Independent of the method you use to produce recombinant viruses, at some point you have to transfect insect cells with virus DNA to reconstitute infectious virus particles.  When using the flashBAC™ system, you simply add it to your transfer vector containing the foreign gene and use a suitable transfection agent (e.g. baculoFECTIN II )to achieve entry of DNA into the cells.  The transfected cells are then incubated at 28°C for

How Healthy are your Cells?

Hopefully after the seasonal break your insect cells are still in good health.  Recognizing healthy cells seems a no brainer, but if you haven’t got much experience with insect cells it can be more of a problem.  Experts often talk about “shiny appearances” and “well defined membranes”, which is fine if you know what they mean but puzzling if you are in your first foray into cell culture.  So to

To Heat Treat or Not to Heat Treat Calf Serum, that is the Question?

Ok, so the Bard is probably spinning in his grave at our blatant plagiarism of the script from the “Scottish Play” (it is bad luck to use its real name, apparently).  However, it seems an apt way to introduce the question of whether or not you should heat treat foetal bovine serum (FBS) before using it to propagate insect cells.  Of course, Spodoptera or Trichoplusia spp. cells are mostly grown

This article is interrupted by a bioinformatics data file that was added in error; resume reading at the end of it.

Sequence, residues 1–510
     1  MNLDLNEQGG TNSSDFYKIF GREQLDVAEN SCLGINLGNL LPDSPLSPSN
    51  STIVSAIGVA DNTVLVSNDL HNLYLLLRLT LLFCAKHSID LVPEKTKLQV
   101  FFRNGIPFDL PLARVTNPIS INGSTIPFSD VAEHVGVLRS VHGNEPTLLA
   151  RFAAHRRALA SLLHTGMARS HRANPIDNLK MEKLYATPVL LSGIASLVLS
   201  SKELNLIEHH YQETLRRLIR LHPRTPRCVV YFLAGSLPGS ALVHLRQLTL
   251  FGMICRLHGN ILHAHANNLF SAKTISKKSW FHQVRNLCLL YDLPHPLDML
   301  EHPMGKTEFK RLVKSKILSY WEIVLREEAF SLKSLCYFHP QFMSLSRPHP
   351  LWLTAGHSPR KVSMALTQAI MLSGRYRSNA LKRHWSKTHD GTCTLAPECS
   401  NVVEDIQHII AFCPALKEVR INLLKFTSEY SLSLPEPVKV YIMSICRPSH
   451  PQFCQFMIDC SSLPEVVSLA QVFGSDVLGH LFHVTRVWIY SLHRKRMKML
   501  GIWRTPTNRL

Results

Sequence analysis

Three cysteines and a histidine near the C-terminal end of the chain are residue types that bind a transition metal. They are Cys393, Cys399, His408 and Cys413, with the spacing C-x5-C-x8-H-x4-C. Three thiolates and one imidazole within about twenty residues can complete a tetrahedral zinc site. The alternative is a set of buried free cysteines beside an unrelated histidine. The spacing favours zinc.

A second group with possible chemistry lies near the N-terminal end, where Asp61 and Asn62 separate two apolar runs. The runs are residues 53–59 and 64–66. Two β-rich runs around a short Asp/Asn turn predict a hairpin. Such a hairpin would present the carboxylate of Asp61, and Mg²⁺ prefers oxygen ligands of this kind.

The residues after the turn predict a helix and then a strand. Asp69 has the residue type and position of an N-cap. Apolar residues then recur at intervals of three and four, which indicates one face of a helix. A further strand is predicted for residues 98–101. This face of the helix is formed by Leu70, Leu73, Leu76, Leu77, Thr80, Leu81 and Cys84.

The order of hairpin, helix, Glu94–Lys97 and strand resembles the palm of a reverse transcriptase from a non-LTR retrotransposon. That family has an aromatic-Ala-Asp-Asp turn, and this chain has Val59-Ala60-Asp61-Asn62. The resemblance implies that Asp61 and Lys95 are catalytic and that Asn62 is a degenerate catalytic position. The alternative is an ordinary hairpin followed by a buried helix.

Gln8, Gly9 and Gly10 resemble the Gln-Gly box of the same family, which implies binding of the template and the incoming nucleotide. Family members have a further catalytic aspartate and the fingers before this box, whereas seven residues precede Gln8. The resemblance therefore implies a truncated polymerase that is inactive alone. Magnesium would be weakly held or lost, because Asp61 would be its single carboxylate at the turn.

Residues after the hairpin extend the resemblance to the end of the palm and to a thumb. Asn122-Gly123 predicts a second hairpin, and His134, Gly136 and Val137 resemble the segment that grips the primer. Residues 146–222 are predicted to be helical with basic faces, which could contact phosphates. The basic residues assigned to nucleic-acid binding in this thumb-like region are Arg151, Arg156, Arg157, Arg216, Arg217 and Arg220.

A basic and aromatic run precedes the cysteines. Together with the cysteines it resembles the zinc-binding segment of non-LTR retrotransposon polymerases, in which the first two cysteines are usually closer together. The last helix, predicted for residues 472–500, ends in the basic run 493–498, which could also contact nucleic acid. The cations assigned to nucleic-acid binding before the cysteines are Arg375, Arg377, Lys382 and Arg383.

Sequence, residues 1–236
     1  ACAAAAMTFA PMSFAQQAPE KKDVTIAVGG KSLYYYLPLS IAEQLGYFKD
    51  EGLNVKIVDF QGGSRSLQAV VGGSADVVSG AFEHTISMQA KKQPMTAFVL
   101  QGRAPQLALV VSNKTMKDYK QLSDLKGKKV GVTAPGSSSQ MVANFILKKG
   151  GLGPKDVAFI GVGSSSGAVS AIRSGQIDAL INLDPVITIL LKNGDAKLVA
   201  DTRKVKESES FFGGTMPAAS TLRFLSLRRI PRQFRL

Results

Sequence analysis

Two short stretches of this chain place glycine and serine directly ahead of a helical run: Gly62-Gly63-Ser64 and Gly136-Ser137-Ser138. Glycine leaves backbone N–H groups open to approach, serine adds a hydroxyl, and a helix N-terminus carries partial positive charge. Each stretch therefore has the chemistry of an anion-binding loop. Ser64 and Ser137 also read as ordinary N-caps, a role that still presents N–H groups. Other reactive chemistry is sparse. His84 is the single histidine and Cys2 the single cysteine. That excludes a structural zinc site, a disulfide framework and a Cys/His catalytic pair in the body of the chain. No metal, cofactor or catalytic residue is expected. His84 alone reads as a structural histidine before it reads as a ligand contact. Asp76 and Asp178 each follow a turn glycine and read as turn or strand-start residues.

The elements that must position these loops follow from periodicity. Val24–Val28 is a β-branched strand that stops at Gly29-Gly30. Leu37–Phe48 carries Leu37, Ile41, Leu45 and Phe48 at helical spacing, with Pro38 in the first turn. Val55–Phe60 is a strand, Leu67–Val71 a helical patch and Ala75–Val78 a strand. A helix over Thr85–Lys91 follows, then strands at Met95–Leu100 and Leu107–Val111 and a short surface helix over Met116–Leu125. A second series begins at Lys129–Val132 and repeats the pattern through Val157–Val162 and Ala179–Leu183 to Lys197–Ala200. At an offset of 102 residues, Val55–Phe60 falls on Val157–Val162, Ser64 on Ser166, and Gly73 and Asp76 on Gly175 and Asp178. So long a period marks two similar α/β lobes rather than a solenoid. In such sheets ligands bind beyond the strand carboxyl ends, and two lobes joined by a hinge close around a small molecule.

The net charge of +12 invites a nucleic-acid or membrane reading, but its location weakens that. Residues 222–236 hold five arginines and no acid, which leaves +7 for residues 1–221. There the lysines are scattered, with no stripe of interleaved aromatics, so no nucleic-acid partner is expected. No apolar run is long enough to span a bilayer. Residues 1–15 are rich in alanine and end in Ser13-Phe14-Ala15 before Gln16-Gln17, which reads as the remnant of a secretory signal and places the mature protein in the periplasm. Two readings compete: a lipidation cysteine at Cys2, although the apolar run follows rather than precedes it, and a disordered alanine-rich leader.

Cells at Christmas

So, you have had the Christmas Party and hopefully are looking forward to the holiday season.  Many labs shut down between Christmas and New Year and you may not return until January 4th.  In all the build up to the festive season have you remembered everything?  Aunt Hilda’s bottle of lavender water and Uncle Horace’s box of cigars may be already wrapped and under the tree but aren’t you forgetting

Cell Culture Passage History and Stress

No, not how you feel when the cells don’t behave! This relates to keeping your cell cultures in a happy state. Cell passage history Each time you sub culture your cells you probably faithfully record on the new flask various bits of information such as the name of the cell line, date, the medium used and passage number.  This last item ideally relates to the number of times the cells

Are they Growing? – Beginner’s Guide to Cell Culture

Cell culture may be one of the most routine laboratory tasks, but many times it also proves to be extremely frustrating. Cells grown in the labs are living organisms, and they seem to have the mindset of a moody teenager – happy one moment and extremely upset the very next one. Unfortunately (or fortunately) unlike teenagers they are not able to throw a tantrum and scream out what bothers them.

Relevant Papers from 2000-2009

2000 King, LA and Possee, RD. (2000). Insect cell culture for baculovirus replication. Encyclopaedia of Life Sciences, Macmillan Press London. In press. Possee,RD and King, LA. (2000). Baculoviruses Encyclopaedia of Life Sciences. Macmillan Press, London. In press. Thomas, CA, Gooday, GW, King, LA and Possee, RD. (2000). Mutagenesis of the active site coding region of the Autographa californica nucleopolyhedrovirus chitinase gene. J. Gen. Virol. 81, 1403-1411. Grasela, JJ., Mcintosh, AH.,